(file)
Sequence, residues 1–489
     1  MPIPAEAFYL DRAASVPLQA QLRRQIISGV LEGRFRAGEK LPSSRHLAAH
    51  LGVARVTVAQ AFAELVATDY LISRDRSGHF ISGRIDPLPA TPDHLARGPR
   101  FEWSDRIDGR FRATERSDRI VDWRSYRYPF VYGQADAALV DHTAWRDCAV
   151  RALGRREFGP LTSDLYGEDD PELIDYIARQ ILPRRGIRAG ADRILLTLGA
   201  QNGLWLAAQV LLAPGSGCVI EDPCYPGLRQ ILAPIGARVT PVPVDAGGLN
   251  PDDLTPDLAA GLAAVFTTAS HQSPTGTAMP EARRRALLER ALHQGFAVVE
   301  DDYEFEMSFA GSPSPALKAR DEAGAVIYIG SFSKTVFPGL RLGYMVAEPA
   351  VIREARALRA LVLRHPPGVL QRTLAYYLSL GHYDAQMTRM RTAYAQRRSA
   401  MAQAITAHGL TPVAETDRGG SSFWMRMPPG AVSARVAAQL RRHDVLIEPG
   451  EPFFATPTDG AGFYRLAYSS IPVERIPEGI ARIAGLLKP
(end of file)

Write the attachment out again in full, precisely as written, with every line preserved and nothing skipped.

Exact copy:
Sequence, residues 1–489
     1  MPIPAEAFYL DRAASVPLQA QLRRQIISGV LEGRFRAGEK LPSSRHLAAH
    51  LGVARVTVAQ AFAELVATDY LISRDRSGHF ISGRIDPLPA TPDHLARGPR
   101  FEWSDRIDGR FRATERSDRI VDWRSYRYPF VYGQADAALV DHTAWRDCAV
   151  RALGRREFGP LTSDLYGEDD PELIDYIARQ ILPRRGIRAG ADRILLTLGA
   201  QNGLWLAAQV LLAPGSGCVI EDPCYPGLRQ ILAPIGARVT PVPVDAGGLN
   251  PDDLTPDLAA GLAAVFTTAS HQSPTGTAMP EARRRALLER ALHQGFAVVE
   301  DDYEFEMSFA GSPSPALKAR DEAGAVIYIG SFSKTVFPGL RLGYMVAEPA
   351  VIREARALRA LVLRHPPGVL QRTLAYYLSL GHYDAQMTRM RTAYAQRRSA
   401  MAQAITAHGL TPVAETDRGG SSFWMRMPPG AVSARVAAQL RRHDVLIEPG
   451  EPFFATPTDG AGFYRLAYSS IPVERIPEGI ARIAGLLKP